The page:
Dilemma #2.5: Gawk or change lenses?
When the King Cobra incident happened, I had been busy shooting macros. Now, I know that a real photographer is supposed to change lenses in a flash, and be ready for the moment. But my natural instincts are to just aimlessly gaze at things and daydream. Especially when I’m in the presence of such a spectacular creature as the King Cobra. I didn’t know for example, how muscular it was in real life. Or how quickly it could move.
So, even when it went back to the valley, I was still staring at it rather than thinking of changing my lenses. But K woke me out of my reverie, helped me change lenses, and I managed to get a few shots.
Dilemma #3: Take sunset photos or listen to snake stories?
In the evening, we drove up to the Kundadri peak for sunset photos. There was a little Jain temple there, with some beautiful idols in a rather non-descript building. I found a piece of broken glass and entertained myself with taking pictures of reflections.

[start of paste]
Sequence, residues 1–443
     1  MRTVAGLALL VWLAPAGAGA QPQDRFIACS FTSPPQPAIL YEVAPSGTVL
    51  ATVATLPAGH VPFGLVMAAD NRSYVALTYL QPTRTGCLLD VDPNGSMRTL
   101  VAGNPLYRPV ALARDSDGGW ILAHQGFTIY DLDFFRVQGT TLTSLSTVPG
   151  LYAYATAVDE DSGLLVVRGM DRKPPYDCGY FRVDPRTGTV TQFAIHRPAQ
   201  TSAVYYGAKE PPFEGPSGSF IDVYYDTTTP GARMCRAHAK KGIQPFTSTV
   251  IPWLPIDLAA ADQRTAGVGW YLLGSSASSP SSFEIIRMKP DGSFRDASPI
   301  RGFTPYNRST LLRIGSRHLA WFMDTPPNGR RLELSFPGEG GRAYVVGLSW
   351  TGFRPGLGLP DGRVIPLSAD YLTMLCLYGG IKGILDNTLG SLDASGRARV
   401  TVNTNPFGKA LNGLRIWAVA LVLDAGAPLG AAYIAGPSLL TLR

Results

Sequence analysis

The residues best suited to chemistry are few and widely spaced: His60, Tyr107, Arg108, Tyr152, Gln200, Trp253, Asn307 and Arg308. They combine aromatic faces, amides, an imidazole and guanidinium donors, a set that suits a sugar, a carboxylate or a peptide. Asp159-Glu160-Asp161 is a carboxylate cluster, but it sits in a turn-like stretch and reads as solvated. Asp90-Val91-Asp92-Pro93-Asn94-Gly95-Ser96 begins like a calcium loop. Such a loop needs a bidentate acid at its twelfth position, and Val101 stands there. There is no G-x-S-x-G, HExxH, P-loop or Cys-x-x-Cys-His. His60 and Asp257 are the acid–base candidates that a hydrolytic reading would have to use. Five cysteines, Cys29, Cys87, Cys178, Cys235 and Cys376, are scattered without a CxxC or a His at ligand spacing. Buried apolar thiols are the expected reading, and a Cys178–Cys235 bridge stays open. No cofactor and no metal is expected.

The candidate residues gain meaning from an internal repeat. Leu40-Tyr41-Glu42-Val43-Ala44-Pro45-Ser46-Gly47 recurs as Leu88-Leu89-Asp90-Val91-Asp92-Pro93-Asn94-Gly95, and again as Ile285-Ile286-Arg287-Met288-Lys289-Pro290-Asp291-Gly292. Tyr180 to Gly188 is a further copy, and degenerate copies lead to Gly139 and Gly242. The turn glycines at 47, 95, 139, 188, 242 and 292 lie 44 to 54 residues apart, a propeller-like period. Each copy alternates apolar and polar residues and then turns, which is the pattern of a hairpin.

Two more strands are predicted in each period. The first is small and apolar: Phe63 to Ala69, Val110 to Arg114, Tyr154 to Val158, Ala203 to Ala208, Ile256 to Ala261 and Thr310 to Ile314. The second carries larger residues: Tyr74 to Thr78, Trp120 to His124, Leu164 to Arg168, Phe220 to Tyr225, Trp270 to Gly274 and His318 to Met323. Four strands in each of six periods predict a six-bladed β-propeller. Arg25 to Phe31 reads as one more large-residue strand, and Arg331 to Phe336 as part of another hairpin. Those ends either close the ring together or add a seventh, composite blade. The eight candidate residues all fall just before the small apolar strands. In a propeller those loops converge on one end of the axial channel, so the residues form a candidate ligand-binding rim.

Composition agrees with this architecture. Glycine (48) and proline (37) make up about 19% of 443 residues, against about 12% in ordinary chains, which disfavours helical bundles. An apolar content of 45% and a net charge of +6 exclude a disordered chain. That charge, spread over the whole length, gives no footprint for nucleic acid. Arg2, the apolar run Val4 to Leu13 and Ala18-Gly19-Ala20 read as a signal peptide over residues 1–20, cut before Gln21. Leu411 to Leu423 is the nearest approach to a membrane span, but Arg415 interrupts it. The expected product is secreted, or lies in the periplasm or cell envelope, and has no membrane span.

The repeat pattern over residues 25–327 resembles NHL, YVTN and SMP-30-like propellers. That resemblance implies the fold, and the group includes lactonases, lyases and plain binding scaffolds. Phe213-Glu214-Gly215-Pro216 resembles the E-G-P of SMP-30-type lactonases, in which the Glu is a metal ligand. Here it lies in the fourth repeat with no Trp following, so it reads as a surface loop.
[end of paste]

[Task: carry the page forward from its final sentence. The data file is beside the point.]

While we waited for the sunset, Gowri Shankar started to regale us with his snake stories. He would save the most spectacular one for later, but we heard others. For example, he got bitten by a King Cobra in his initial years in Agumbe because he was trying to catch it in a bag evidently too small for it. I’m probably showing my ignorance here, but I didn’t realise nearly all King Cobra bites are fatal. There’s simply too much venom released into your bloodstream from a single bite. Luckily, in Gowri Shankar’s case, the bite was relatively superficial, and the quantity of venom was relatively less. (Again, it is worth remembering that King Cobras will try to avoid any sort of confrontation, unless they are provoked.)